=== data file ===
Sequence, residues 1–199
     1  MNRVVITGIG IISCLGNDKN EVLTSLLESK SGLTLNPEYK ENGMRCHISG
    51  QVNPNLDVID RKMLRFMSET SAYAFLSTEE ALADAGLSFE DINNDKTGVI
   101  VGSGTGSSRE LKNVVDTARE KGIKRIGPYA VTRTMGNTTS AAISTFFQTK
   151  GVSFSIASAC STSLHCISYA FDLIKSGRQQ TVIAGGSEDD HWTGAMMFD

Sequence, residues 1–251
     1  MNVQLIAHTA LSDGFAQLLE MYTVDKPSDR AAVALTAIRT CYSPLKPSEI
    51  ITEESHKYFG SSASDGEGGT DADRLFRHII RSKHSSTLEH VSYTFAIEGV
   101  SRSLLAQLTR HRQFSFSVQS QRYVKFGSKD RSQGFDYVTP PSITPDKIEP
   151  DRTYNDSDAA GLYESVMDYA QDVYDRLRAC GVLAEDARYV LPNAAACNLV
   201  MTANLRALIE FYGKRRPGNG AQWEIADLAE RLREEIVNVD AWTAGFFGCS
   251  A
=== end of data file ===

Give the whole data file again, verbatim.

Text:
Sequence, residues 1–199
     1  MNRVVITGIG IISCLGNDKN EVLTSLLESK SGLTLNPEYK ENGMRCHISG
    51  QVNPNLDVID RKMLRFMSET SAYAFLSTEE ALADAGLSFE DINNDKTGVI
   101  VGSGTGSSRE LKNVVDTARE KGIKRIGPYA VTRTMGNTTS AAISTFFQTK
   151  GVSFSIASAC STSLHCISYA FDLIKSGRQQ TVIAGGSEDD HWTGAMMFD

Sequence, residues 1–251
     1  MNVQLIAHTA LSDGFAQLLE MYTVDKPSDR AAVALTAIRT CYSPLKPSEI
    51  ITEESHKYFG SSASDGEGGT DADRLFRHII RSKHSSTLEH VSYTFAIEGV
   101  SRSLLAQLTR HRQFSFSVQS QRYVKFGSKD RSQGFDYVTP PSITPDKIEP
   151  DRTYNDSDAA GLYESVMDYA QDVYDRLRAC GVLAEDARYV LPNAAACNLV
   201  MTANLRALIE FYGKRRPGNG AQWEIADLAE RLREEIVNVD AWTAGFFGCS
   251  A